Je t’aime… moi non plus.

  • Fair enough, Froylein, though Muffti will point out that modern usage does not connect sacred with any particular origin on the property:

    Main Entry: sa·cred
    Pronunciation: ‘sA-kr&d
    Function: adjective
    Etymology: Middle English, from past participle of sacren to consecrate, from Anglo-French sacrer, from Latin sacrare, from sacr-, sacer sacred; akin to Latin sancire to make sacred, Hittite saklAi- rite
    1 a : dedicated or set apart for the service or worship of a deity b : devoted exclusively to one service or use (as of a person or purpose)
    2 a : worthy of religious veneration : HOLY b : entitled to reverence and respect
    3 : of or relating to religion : not secular or profane
    4 archaic : ACCURSED
    5 a : UNASSAILABLE, INVIOLABLE b : highly valued and important – a sacred responsibility.

  • Taken from the Latin “sacerdos” = “priest”; adopted in early Christianity, but sacraments being genuinely Christian. Actually, the dictionary entry you quoted doesn’t clash with what I stated above, namely that “sacred” is a past participle referring to something that has been made sacred. Then the entry goes on defining the common usage (not so much modern usage, as the usage of “sacred” resp. “holy” as technical terms is just as modern) of “sacred”, but not its theological implications. “Sacred” and “holy” are two different matters even though the words get used synonymously in common usage, but in the field of theology / religious studies, you have to use those terms more accurately than in a common usage way. If people want me to take matters more serious, I will.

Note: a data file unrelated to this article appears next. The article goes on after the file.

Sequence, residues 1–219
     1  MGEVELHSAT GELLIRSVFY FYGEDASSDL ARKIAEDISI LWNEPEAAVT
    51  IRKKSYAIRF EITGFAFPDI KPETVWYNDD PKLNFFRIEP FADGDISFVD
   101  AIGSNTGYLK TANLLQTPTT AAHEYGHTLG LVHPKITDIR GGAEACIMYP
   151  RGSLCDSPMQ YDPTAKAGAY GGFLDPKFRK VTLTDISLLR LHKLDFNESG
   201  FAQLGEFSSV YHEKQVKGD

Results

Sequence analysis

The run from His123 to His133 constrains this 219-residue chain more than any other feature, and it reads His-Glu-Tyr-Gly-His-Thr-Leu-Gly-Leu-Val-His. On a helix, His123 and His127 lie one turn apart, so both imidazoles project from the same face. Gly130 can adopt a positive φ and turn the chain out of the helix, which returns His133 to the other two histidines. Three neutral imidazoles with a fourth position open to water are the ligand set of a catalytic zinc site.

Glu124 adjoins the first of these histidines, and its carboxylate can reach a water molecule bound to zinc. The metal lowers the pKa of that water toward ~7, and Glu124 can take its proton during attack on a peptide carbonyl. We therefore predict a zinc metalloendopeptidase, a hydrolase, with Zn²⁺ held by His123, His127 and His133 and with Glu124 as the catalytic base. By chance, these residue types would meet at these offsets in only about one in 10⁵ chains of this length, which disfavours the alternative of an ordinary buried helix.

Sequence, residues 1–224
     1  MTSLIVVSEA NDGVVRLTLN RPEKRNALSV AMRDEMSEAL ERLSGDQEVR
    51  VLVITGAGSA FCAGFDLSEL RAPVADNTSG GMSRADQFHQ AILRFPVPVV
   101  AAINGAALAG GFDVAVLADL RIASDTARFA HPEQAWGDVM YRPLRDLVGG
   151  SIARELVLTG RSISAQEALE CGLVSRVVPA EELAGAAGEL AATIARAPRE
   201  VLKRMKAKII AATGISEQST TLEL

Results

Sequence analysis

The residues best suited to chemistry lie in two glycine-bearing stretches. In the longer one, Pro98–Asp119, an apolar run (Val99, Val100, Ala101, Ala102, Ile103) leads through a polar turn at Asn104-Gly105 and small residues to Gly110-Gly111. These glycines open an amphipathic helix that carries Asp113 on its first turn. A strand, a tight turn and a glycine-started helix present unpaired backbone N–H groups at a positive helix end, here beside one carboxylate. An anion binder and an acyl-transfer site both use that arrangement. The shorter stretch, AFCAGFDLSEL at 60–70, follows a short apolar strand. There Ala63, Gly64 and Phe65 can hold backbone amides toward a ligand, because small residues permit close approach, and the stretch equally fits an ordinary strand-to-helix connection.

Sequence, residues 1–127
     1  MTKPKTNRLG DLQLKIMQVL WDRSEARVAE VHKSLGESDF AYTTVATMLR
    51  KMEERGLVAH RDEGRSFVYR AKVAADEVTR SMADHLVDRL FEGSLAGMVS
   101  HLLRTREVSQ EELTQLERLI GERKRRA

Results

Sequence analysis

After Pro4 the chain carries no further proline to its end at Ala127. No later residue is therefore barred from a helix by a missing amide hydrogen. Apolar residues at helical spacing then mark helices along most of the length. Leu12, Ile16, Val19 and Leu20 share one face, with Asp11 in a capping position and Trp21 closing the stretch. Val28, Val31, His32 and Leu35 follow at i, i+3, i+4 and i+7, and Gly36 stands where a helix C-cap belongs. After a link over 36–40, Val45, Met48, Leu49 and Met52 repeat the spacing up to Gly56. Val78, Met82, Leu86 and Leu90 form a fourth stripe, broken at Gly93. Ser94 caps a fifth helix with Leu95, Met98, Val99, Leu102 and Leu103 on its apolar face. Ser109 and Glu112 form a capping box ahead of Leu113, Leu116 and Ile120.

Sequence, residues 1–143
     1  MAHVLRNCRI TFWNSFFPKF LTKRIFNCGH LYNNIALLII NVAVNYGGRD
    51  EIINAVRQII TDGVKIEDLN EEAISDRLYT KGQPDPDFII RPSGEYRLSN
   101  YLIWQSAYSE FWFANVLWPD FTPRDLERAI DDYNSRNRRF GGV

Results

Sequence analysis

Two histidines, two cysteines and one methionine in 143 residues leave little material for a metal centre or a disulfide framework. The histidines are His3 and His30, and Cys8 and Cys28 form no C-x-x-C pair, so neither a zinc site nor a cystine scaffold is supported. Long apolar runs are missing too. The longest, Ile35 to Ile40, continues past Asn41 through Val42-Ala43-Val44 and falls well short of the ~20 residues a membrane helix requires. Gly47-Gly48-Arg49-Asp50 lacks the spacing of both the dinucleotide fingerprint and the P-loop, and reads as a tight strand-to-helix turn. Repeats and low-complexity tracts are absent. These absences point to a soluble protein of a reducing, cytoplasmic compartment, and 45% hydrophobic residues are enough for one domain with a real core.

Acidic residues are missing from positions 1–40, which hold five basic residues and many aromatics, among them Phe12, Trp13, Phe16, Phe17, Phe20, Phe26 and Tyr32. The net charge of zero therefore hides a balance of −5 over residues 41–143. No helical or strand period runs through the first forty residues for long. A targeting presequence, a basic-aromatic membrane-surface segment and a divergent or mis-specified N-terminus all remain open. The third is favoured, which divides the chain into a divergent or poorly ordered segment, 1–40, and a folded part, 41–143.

• Muffti thinks it is safe to say that Lori was using it in the loose and popular way, not in the technical religious studies manner. The dictionary doens’t ‘clash’ with waht ou are saying but it doesn’t support it – it provides sufficient conditions for sacrilege that are less stringent than the ones you provide.

    anyhow, this is as they say, much ado about nothing.

  • Well, Muffti probably knows that in the religious sphere neither Muffti nor I dwell in the accusation of having committed a sacrilege is a serious one, and since in that sphere sacrilege is a terminus technicus, I made my case accordingly. The dictionary entry Muffti quoted is apparently not taken from a theological dictionary; analogously, I will find references on e.g. “Stoic” and “logics” in a common language dictionary that have got only a very low common denominator with what those terms refer to in philosophy, and unless I’m severely mistaken about Muffti, I dare say he’d have a hell of a lot of fun in responding to people that use philosopical termini technici in a sloppy and inaccurate way particularly if those people try to base their argument on the sloppy and inaccurate use of those terms.